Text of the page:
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SDC is the SagaDance Collective. VAC is the VERVE Art Collective. The former gave rise to the latter, which is a group of very interdisciplinary-minded movers and makers—i.e. dancers and visual artists—devoted to collaborative practices and multi-mediated productions. So if you’re a visual artist working in truly any medium, or a dancer or a musician, or even a lighting or sound expert, you might have something useful to bring to the stage for sKIN, the forthcoming SDC/VAC showcase that will take place at the Center for Performance Research in Brooklyn this October. Check it all out here. Tell them how sKIN might benefit from your mind and body.


Museum of Arts and Design
Columbus Circle might not be the first place you’d think to look for studio space, but it could be just the place where you’ll score a subsidized one for four months—as well as receive all kinds of creative support, and most certainly open your work up to a much broader audience—thanks to the Museum of Arts and Design’s residency program. If you meet certain criteria beyond those for residency consideration, you might also be eligible for one of MAD’s quite generous Van Lier Fellowships. Information on all of that is here.



Ideal Glass
Have you ever thought about doing a mural? Does the idea of being funded to do one in the East Village sound appealing? Does it sound even better once you know that the application process is free and easy, that necessary criteria are few, and that the range of conceptual and formal expression is broad? Then look into the open-call mural program at Ideal Glass, an art studio and locus for collaboration situated at 22 East 2nd Street. Application details are here, and images of other murals that have gone up there are here. At the top of this piece, by the way, is a photograph of a politically charged project realized at the site by Sophia Dawson. It’s called Every Mother’s Son. The image above the PUBLIC ART heading is of David Paul Kay’s mural there back in March. (Images courtesy Ideal Glass.)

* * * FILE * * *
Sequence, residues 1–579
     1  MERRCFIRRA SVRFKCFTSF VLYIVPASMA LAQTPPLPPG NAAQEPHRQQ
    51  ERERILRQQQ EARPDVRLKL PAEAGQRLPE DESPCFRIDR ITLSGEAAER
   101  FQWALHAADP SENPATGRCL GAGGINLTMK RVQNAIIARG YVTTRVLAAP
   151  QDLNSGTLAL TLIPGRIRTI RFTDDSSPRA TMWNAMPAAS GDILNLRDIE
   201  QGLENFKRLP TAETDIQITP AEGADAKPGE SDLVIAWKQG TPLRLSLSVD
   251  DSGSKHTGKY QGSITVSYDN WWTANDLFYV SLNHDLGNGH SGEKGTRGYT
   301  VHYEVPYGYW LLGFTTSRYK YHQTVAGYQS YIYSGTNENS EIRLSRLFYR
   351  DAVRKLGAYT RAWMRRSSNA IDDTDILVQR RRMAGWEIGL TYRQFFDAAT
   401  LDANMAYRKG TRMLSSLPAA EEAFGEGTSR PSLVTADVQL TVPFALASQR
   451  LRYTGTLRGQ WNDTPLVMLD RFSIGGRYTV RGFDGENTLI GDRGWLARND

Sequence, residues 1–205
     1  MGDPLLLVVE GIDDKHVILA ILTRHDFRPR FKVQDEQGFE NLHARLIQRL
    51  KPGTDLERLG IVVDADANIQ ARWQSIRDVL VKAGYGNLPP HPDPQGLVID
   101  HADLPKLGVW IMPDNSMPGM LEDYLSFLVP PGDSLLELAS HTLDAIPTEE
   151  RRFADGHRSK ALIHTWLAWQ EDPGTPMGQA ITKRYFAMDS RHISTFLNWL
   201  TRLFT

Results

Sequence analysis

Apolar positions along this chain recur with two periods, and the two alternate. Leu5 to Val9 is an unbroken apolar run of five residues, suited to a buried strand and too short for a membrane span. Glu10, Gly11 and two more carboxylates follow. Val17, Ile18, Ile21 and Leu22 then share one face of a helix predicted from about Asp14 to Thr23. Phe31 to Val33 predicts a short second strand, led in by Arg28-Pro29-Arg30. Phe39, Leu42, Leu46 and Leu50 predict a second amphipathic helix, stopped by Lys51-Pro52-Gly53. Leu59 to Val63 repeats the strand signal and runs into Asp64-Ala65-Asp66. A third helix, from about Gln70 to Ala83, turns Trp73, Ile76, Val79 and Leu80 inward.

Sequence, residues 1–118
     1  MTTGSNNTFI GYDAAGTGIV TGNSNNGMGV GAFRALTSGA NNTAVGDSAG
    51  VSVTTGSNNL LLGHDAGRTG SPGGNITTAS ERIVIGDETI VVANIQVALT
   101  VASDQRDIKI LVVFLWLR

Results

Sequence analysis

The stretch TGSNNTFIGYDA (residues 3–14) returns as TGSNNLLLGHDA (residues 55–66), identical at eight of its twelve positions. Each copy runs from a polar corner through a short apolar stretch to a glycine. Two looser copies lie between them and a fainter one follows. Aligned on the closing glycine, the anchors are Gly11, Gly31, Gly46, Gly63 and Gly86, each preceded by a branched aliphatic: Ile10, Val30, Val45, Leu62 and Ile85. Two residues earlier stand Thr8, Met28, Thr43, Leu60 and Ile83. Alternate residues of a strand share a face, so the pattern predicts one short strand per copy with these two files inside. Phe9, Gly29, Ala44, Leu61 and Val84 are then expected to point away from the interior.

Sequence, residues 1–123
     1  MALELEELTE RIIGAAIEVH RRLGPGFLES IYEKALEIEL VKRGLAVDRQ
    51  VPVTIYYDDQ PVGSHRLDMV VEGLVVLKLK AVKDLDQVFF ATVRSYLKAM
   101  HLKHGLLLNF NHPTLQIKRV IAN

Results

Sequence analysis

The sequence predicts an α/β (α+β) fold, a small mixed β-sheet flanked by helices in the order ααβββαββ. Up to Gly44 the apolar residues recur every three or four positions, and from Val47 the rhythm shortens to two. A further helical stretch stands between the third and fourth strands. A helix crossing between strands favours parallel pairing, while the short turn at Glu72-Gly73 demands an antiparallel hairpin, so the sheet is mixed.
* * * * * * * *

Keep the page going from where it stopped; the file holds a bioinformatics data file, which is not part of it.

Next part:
If you had two guesses for which NYC organization runs one of the most broad-ranging and yield-wise ubiquitous public art programs in the city, would one of your guesses be that it’s the Department Of Transportation? Well, it is, and it’s the DOT’s programs like Barrier Beautification, Arterventions and Community Commissions that keep many public areas of our fine town looking much more alive and colorful than they might otherwise. The deadline for this fall’s edition of Barrier Beautification is approaching, so get cracking some designs for how to transform a number of those rather easily dismissible objects into something that stops drivers, bikers and walkers in their tracks. (Wait, is that a good thing? Also, what was your second guess?) DOT Art details here.

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Trestle Projects
If you’re a curator without a space of your own, perhaps, but with a number of curatorial projects you’d like to unfold in physical form in an excellent Gowanus venue over the course of a year, then the Curator-in-Residence program administered by Trestle is precisely the opportunity you might not have known you were looking for. This non-profit organization fosters all kinds of other arts opportunities as well, so look around on their website if the CIR doesn’t quite correspond to your practices or purview. (Image above is of a wall of works in the current group show at Trestle Gallery, Small Works. Image courtesy Trestle Gallery.)

Paul D’Agostino is @postuccio on Instagram and Twitter.